Not sure what detail you would like from me. I can tell you that with RekordBox 3 (and now 4) iTunes integration has gotten to the point that you can safely do your track management in iTunes and the gig preparation in RekordBox with the iTunes collection.
Also it seems the latest rendition of RB now supports FLAC. So if disk space is not an issue, you can rip your originals to FLAC, do the the whole tagging thingie before everything else, keeping the FLAC originals -well- original but correctly tagged. From there on out you can use PN (Flac -> Flac) and MiK to get you the optimized DJ versions.
NOTE: iTunes still doesn’t support FLAC. So the FLAC-FLAC option only works if you want to stick to RekordBox for track management too.
This way you can always reproduce an exact copy of the original FLAC on CD should you desire such, without any of the changes PN might make.October 5, 2015 at 5:48 pm #2267001
Oh, and I use the (paid) version of dBpoweramp. If you have multiple CD-players in your PC (I have 5 LOL), you can even do batch processing. It helps speed up things tremendously, espcially if you have a 4-core or better CPU (6-core in my case).October 5, 2015 at 9:09 pm #2267101
Not sure what detail you would like from me.
I have pretty much made up my mind that I am going to purchase the XDJ-R1.
Here’s the short version:
I want to make a FLAC source “Master copy”. I want to do it onto my 2 TB external HDD. I currently only have a Windows 8.1 Laptop to rip. I do NOT have a Multi-CD drive available. I EVENTUALLY want to swap to a Mac Book laptop. I know I will be able to access the HDD with a Mac later using a utility. That means I can easily copy the files to a Mac Book and worry about changing everything over when the time comes.
With this in mind; I (more or less) want your opinion on the process to get a “flawless” master copy.
1) Rip everything to FLAC using dBpoweramp
2) Normalize the files with Platinum Notes
3) Process the files with MIK
So this is where I need a little help….
Since Rekordbox now accepts / supports FLAC; I could now process all the files with Rekordbox.
Am I correct in saying this would give me source files that have been optimized to include metadata like Key, BPM, Genre, Que points, etc. while keeping them in the FLAC format?
Do I need additional tags? What am I missing? Is there other software I should consider? (tag editors?)
Here’s the issue that I’m most conflicted about. Since I “have to” use Rekordbox in order to prep music onto a USB stick; should I bother with iTunes?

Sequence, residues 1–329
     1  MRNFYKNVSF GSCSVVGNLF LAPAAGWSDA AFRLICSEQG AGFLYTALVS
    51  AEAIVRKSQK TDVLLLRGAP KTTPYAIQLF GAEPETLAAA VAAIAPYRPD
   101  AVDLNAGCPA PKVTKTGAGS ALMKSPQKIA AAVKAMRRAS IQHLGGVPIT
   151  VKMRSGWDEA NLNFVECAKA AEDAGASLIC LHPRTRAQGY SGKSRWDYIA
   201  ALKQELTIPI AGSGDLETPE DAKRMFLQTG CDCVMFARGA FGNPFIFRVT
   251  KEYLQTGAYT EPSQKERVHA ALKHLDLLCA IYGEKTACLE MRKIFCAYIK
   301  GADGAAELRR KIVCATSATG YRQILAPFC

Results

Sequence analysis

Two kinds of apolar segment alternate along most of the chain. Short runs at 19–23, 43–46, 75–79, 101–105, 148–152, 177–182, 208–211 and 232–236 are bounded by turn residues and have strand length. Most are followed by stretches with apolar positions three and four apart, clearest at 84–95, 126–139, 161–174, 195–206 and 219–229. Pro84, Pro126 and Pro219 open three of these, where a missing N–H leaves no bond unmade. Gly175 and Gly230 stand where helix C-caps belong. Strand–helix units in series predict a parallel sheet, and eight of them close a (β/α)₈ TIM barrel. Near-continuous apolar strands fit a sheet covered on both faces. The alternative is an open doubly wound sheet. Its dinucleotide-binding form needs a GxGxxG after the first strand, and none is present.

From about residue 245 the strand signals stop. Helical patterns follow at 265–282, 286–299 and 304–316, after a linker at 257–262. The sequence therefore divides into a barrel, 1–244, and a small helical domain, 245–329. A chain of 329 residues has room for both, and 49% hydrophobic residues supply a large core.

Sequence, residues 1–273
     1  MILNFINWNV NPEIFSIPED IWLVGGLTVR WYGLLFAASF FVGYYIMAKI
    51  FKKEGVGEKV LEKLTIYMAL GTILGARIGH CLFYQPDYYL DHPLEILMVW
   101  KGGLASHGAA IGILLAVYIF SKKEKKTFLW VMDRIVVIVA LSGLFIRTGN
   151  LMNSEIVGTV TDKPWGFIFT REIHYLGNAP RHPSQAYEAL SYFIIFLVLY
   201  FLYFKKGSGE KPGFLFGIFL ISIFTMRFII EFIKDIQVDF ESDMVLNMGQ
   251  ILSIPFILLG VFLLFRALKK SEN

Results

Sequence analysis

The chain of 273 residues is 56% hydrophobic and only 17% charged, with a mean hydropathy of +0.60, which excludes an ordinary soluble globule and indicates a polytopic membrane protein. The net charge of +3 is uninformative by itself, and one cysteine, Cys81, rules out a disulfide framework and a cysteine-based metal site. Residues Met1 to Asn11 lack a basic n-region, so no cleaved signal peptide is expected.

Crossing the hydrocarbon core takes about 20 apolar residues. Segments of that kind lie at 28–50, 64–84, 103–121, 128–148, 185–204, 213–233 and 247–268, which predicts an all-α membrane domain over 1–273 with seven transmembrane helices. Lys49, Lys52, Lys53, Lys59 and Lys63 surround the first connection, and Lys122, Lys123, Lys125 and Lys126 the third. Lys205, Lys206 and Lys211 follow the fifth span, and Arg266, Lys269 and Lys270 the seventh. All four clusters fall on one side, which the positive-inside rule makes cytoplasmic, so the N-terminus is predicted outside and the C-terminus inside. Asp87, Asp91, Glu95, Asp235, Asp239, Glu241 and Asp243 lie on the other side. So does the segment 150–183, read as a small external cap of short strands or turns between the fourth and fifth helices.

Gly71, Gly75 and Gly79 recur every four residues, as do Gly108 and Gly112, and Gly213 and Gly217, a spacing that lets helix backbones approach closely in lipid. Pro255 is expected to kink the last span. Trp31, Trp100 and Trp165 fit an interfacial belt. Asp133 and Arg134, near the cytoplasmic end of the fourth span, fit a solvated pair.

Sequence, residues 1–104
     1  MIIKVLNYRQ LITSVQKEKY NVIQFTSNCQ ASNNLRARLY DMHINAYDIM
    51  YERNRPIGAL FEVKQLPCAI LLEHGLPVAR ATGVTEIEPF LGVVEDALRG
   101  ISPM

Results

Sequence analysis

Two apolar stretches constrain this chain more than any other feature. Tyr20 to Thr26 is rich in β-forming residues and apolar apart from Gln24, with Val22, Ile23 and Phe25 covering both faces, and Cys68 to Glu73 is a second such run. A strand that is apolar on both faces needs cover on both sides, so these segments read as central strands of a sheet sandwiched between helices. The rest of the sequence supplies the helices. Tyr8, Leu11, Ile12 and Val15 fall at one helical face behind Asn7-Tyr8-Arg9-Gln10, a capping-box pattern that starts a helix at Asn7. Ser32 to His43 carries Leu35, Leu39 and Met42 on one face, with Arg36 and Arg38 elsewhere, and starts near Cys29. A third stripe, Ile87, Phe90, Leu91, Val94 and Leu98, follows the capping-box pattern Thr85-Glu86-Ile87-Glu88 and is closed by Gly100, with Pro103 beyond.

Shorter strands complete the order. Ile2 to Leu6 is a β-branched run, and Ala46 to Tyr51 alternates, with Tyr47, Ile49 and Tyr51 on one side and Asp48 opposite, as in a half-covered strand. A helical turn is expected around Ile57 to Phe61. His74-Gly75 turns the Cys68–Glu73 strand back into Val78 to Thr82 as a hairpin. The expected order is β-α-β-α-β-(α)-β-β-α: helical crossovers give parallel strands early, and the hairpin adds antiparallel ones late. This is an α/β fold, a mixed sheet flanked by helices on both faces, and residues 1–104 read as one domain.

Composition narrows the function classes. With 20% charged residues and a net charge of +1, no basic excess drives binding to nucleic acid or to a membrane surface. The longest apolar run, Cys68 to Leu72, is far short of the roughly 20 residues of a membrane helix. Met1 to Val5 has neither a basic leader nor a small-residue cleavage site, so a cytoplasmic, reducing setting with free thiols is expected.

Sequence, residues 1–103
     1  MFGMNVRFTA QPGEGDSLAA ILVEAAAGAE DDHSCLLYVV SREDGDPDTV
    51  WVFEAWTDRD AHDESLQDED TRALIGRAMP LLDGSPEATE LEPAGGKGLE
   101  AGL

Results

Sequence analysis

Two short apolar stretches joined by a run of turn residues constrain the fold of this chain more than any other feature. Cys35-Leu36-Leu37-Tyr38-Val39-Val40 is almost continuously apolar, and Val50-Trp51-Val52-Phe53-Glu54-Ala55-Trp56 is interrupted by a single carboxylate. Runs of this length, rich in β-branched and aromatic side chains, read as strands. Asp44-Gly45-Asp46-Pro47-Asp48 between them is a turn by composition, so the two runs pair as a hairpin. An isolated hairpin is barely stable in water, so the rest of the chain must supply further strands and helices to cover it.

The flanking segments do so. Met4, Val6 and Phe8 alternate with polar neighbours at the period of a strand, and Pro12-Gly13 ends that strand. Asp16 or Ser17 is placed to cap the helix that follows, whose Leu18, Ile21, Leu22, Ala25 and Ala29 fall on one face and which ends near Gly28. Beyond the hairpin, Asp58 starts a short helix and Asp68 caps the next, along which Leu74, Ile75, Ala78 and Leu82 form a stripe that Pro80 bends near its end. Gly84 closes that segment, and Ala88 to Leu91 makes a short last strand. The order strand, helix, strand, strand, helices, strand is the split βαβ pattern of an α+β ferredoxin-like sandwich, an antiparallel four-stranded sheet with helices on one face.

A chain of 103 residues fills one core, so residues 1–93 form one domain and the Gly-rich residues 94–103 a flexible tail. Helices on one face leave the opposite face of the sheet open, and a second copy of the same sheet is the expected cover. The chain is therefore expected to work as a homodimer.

I know iTunes offers some things that none of the other software offers like cloud back up, smart playlists (not sure if rekordbox does this), music suggestions based on whatever preferences I set and probably more. I’m just not sure I really NEED all of that “extra stuff” at the cost of converting the files JUST to use iTunes…?
Well, there’s my dilemma.
October 6, 2015 at 6:11 am #2267231DJ Chris BushParticipant
- This reply was modified 4 years, 10 months ago by DJ Wyld1.
These are the gold standard tools that will grant you a 100% FLAC rip for a CD:
Exact Audio Copy (EAC)
A secure ripper for Windows.
Download here: http://www.exactaudiocopy.de/en/index.php/resources/download/
X Lossless Decoder (XLD)
A secure ripper for OSX.
Download here: http://tmkk.undo.jp/xld/index_e.html
NTFS drives on a Mac:
October 6, 2015 at 7:02 am #2267251DJ Chris BushParticipant
- This reply was modified 4 years, 10 months ago by DJ Chris Bush.
… and about Platinum Notes. It’s expensive snake oil. If you want to normalize your tracks use ReplayGain. It’s a non-destructive tag-based way of equalizing volume levels that doesn’t require re-encoding the entire track. You can do that while ripping the CD with the mentioned software.October 6, 2015 at 9:34 am #2267301
Hey DJ Chris,
You may want to read this: http://www.trustedreviews.com/opinions/cd-ripping-software-roundup. It compares dBpoweramp and Exact Audio Copy as mentioned in my original post.
I also looked for reviews on Platinum Notes and found another DJ site recommending the product: http://djtechtools.com/2013/07/16/review-mixed-in-key-platinum-notes-4/.
I could not find many reviews on ReplayGain.
I have also found a way to allow Mac OS X to access a NTFS drive by using the Terminal application. This requires no additional software.